As I recently conducted my annual year-end reflect and refocus exercise, I realized that 2018 was my 40th year in the hospitality industry – from a waitress in a small Australian restaurant to owner of that restaurant, through to the various hospitality positions to where I am now as a consultant and partner, it comes to mind that as much as we talk about how things have changed, there is still so much that remains the same:
- The guest still wants to feel that he or she is special
- The guest is still looking for value for money spent
- The internal customer is still looking to feel that they belong and matter to the organization
- The owners are still pushing to achieve the best possible return from their investment
I attended a tourism conference in Malta recently, and each speaker talked about the importance of improving consistency and quality for the customer whether it be focused on the company, the brand or the destination. I reflected on how many events, conferences and meetings I have sat in over my 40-year career, and while terminology may change, the basics remain and we are still looking for that “magical formula.”
Three words specifically resonated with me from one of the speakers. We are in an industry where “humans serve humans.” And whether it may be further removed in some cases there is still the “human factor” involved at some level of the customer journey.
How do the “humans” in your organization feel about serving the “humans” who are your clients and guests?
I would urge you to reflect on this question as you plan for this year. How can you inspire and motivate your people so that they in turn will inspire and engage their clients and customers who in turn become your loyal fans and clients? Every person, from the housekeeper to the CEO, matters. Your front office staff need to know what their role is in achieving success.
I am surprised how often senior managers aren’t spending more time implementing initiatives to ensure that every single person has the necessary information to not only carry out the tangible aspect of their role but know what is expected of them – so that they, in turn, can ensure everyone is rowing the boat in the same direction. Don’t expect your people to be able to read your mind and second-guess the conversation in the boardroom. Be as transparent as possible as to what is expected to meet EVERY stakeholders’ expectation.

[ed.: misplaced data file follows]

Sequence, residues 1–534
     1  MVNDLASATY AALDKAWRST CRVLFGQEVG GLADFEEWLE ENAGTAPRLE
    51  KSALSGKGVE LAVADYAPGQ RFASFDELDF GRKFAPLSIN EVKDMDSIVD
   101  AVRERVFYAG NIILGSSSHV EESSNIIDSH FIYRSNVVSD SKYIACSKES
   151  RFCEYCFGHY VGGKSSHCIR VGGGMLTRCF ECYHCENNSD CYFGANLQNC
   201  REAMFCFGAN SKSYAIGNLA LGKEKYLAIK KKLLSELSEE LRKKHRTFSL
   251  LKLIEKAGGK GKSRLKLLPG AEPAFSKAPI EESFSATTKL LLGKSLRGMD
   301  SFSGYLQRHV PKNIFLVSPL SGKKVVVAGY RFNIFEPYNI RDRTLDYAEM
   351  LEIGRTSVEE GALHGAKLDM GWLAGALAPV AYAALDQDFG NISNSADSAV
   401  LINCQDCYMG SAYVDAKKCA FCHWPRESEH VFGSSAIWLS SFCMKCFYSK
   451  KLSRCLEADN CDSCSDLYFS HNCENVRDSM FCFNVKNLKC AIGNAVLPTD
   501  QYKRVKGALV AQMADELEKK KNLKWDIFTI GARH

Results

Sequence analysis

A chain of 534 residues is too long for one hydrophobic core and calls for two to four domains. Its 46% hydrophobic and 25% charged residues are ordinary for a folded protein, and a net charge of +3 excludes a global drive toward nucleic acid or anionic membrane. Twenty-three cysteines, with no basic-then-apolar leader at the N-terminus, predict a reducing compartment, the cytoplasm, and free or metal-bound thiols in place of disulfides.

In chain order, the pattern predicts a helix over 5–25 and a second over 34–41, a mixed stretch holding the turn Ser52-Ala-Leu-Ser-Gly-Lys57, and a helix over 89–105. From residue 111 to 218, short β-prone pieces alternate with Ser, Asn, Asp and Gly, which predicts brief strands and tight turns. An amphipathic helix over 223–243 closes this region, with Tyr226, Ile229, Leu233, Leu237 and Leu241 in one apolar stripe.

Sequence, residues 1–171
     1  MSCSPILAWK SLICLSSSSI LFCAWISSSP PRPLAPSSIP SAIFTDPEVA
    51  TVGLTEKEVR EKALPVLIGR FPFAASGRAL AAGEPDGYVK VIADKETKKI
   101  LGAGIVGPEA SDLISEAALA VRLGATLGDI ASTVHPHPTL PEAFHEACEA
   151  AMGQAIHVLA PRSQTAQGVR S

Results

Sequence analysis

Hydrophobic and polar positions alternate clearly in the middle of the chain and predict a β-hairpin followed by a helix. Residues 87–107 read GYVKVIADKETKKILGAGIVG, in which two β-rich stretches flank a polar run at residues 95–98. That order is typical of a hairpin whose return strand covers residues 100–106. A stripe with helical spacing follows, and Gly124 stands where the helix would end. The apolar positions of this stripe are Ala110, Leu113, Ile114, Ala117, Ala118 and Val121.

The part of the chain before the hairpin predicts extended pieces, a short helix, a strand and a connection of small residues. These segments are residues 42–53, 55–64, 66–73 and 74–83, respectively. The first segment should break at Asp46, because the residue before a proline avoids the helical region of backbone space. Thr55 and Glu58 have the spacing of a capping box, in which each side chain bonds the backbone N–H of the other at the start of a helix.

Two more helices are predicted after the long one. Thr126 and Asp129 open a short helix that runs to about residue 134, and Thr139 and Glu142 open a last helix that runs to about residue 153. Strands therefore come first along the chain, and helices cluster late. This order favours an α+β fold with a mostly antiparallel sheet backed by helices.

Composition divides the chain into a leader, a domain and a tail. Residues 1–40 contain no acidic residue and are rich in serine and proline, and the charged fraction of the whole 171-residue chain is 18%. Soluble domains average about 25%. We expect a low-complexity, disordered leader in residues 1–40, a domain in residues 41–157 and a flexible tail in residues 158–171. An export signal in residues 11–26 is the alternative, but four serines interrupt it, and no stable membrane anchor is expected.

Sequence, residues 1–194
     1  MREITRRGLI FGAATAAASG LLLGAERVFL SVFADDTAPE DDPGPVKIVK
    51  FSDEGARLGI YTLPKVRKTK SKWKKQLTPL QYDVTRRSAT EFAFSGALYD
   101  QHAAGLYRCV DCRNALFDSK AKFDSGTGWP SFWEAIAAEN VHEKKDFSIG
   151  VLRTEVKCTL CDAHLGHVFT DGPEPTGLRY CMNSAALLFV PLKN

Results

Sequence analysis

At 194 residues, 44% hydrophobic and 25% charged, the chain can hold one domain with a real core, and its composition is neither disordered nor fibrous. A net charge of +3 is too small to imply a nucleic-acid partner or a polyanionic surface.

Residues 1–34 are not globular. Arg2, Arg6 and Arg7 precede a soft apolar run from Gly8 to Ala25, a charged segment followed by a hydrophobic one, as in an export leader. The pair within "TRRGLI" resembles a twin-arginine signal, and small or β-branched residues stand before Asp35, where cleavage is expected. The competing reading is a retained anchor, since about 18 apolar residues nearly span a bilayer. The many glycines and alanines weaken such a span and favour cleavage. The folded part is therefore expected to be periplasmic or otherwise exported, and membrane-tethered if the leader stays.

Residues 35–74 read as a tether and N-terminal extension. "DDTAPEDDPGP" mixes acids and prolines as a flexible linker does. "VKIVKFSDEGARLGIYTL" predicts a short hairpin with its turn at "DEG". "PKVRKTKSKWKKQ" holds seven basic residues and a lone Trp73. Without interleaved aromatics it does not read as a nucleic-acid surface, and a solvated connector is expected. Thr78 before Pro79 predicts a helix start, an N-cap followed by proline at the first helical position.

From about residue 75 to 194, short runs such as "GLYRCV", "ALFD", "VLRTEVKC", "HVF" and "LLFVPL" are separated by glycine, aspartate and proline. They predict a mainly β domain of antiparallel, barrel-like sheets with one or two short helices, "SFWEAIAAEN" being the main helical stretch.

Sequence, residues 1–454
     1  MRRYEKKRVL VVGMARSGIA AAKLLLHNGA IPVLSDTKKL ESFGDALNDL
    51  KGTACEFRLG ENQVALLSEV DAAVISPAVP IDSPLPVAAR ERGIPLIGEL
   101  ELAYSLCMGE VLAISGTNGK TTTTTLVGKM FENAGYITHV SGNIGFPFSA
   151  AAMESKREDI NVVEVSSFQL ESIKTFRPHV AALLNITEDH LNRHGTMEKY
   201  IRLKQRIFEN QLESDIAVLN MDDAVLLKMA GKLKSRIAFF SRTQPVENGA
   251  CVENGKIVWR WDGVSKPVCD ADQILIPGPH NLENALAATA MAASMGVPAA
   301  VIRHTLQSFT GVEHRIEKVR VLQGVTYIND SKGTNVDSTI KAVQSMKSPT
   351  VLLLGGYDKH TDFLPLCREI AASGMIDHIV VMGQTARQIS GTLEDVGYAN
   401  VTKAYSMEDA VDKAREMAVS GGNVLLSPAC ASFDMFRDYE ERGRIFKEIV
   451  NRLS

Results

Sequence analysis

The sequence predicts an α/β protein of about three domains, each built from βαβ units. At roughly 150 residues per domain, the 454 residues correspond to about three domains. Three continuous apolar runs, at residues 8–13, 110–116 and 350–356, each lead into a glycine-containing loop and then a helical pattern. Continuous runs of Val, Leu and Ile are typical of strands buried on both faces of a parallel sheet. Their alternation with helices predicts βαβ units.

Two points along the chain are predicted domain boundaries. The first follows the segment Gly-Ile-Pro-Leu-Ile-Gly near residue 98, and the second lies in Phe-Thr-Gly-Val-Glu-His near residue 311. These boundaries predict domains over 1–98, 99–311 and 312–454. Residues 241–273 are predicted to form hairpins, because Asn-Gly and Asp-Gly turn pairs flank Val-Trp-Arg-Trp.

When planning for your upcoming year, how much do you plan for “the human element”? We discuss financial KPIs, goals and actions. However, how much time is spent developing a plan to inform and engage your team from Day One?
In a recent meeting, we spent over two hours discussing numbers and targets. After the discussion, I asked, “OK, when are we having a kick-off for the team?” The response: “Well, we are very busy but know we have to do it – we will work on it.” This says to me that it the manager knows he needs to do it but that it is not his top priority. Is he really engaged in making it happen and considering how he makes it happen so that his team achieves its goals for the coming year? In turn, are his team going to be “really” engaged and understand their role in achieving success?
When considering the internal foundation in delivering your company goals – it is very much humans serving humans! Don’t wait until the end of 2019 when goals have not been achieved and think, “Ah, I should have gotten the team more focussed on X,” or “I should have engaged this person more in Y,” or “I should have involved them more in Z.”
It should never change: Always consider the importance of your human assets when planning for the coming year and maximize all opportunities to create greater potential for your business.
Until next time – wishing you health, success and happiness for 2019.